Growing up I had a lot of horses. There was Acorn, Tammy Bell, Chestnut, Lightning… And I don’t remember the other names. Eventually though, all of the horses faded into the recesses of my imagination except for Chestnut and Lightning. I took them everywhere with me and rode them extensively.
In fact, the horses were so well trained (and fast) that they ran alongside the road while I traveled somewhere and that way we didn’t have to worry about horse trailers. Plus, if I got tired of riding in the car, I’d simply get on Lightning and we’d have fun jumping over guard rails and obstacles while keeping up.
The horses were a lot of fun and from time to time I would tell other people about them while I was trotting around outside. As I got older people probably thought I was a bit strange when I described Lightning’s brilliant white coat and beautiful brown star, but that didn’t bother me. My imagination made life so much more amazing and I wasn’t going to let other people’s opinions change that… When I was younger I sometimes offered to let people ride the horses, but as time went on and no one took me up on the offer, I eventually stopped.
When I was eighteen I went to South America and stayed with my sister, brother-in-law, and four nieces and nephews for two months. Where we lived it was beautiful, bare, and very difficult to breath. My main task during my visit was to be the teacher to my two nieces.
When school wasn’t in session we enjoyed a lot of hanging out time. There weren’t many toys around other than a few dolls and so we used our imaginations and anything we could find lying around. One day while we were walking down the dusty streets, keeping a lookout for cowboys recklessly riding horses (because where we lived was the equivalent to the “wild west” of our olden days, complete with gold mines) I got an idea.
These imaginative nieces of mine were clambering for a story, so I decided to tell them about Chestnut and Lightning. After all, one of them often rode a made-up horses of her own, and if I told them about my horses, then I’d be able to join her and we’d go trotting down the road.
To my delight, they were both thrilled to find out that their auntie rode horses. Then there was a plot twist. My oldest niece, who was seven, wanted to ride Chestnut because she didn’t have a horse like her sister did. I happily complied and together we slowly trotted down the street. (Slowly because I was still adjusting to living at 12,500 feet and anything more than a walk made me feel like I was going to black out.)
It wasn’t long until my niece was asking if she could keep Chestnut for good. I know it probably sounds silly to be attached to a figment of my imagination, but it really was a hard decision to give Chestnut away. By that time I’d had the horse for over a decade and had spent many happy hours with her. In reality though, I still had Lightning (who had always been my favorite), and it was my niece asking for the horse, so in the end I joyously gave her Chestnut. There were some stipulations: She wasn’t allowed to sell, give away, or get rid of the horse, and she wasn’t allowed to have it die. (Hey! There are some benefits to imaginative gifts.)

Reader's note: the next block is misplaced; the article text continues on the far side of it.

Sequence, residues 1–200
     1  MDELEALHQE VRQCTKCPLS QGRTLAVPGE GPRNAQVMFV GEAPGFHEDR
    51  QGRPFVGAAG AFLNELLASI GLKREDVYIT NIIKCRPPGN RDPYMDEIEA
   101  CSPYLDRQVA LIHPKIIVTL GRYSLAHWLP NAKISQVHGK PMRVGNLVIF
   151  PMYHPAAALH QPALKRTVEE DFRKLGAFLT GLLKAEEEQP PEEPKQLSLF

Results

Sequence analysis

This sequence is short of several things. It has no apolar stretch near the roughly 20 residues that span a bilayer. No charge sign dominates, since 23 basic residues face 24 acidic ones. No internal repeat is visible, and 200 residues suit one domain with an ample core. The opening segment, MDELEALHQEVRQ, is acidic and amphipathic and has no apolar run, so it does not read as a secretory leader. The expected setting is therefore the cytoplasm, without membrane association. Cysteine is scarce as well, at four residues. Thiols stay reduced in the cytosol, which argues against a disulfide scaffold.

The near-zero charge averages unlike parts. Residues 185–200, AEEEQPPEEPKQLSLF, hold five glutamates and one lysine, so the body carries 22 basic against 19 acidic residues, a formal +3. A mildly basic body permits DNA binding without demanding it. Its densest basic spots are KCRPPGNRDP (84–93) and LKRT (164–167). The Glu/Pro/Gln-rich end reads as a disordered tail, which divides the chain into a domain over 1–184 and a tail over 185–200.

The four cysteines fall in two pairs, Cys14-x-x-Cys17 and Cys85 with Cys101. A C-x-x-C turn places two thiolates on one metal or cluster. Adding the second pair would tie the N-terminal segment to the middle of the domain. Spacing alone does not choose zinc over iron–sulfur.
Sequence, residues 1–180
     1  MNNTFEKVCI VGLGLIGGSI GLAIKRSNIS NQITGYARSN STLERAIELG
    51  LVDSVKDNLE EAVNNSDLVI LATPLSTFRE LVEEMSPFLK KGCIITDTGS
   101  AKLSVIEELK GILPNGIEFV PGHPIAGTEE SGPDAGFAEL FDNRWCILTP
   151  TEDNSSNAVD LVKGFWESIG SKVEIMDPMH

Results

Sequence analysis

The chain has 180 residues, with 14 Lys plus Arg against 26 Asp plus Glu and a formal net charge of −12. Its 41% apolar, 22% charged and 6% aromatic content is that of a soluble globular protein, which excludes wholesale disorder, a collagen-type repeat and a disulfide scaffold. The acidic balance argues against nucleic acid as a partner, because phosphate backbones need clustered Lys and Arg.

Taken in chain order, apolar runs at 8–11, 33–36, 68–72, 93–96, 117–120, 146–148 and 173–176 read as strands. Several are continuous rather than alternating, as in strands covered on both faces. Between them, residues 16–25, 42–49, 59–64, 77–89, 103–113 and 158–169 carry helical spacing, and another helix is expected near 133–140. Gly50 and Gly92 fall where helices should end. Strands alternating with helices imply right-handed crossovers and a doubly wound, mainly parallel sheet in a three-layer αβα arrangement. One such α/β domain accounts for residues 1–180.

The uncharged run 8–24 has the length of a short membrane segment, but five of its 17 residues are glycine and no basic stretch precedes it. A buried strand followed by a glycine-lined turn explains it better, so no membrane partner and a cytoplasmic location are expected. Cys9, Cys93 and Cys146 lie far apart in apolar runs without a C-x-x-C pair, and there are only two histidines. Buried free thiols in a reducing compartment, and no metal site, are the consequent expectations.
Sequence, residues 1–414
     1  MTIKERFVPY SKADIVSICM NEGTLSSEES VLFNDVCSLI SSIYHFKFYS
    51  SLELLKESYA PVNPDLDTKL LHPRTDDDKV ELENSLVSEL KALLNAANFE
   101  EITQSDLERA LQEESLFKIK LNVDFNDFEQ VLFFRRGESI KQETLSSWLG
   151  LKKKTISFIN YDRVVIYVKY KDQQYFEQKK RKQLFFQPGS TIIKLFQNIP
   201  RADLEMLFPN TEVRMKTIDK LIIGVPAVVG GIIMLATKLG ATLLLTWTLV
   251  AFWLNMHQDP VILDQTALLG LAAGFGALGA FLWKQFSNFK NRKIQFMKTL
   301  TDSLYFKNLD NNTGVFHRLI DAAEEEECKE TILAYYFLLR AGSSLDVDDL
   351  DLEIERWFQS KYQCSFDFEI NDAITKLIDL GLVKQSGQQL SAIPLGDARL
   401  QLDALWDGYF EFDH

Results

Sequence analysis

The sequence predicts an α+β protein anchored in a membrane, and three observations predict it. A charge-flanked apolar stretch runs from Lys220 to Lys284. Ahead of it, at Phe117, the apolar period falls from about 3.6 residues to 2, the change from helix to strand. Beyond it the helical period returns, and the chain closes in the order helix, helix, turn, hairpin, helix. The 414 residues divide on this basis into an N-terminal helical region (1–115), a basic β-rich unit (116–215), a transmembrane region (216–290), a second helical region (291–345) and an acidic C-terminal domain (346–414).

My sister’s family moved back to the states at the end of my two months with them in Peru, and although they lived several states away from us, we saw them much more than during the pervious eight years.
To begin with, nearly every time we went to see them my nieces would excitedly ask for me to ride the horses with them. I’m not sure there’s anything that could have made my auntie heart happier. The niece I’d given Chestnut to even wrote me sometimes, giving me updates about how the horse was doing and what was going on in her life. And that’s when I knew that giving Chestnut away had been an amazingly good decision.
Last week I was visiting my sister and her family again, and Chestnut’s owner informed me that it had been a while since we’d ridden our horses together and we really should. I heartily agreed, all the while marveling over how it’s been six and a half years and my little niece has grown up quite a bit and she still rides Chestnut just like I did when I was her age.
The last full day of my visit we mounted our horses and began trotting down a dirt lane. Their little siblings wanted to join us and I soon was riding double with my three-year-old niece clinging to my back. During that moment I couldn’t help but smile, thrilled to pieces at the fact that my imagination and joy had transcended generations.
Who knows? Maybe someday my own kids will ride Lightning and (borrowed) Chestnut. Because after all, imagined horses are the best because they never have to die.
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(Today I got caught up with answering all the comments on Noveltea, so, if you left a comment, it should have an answer now.)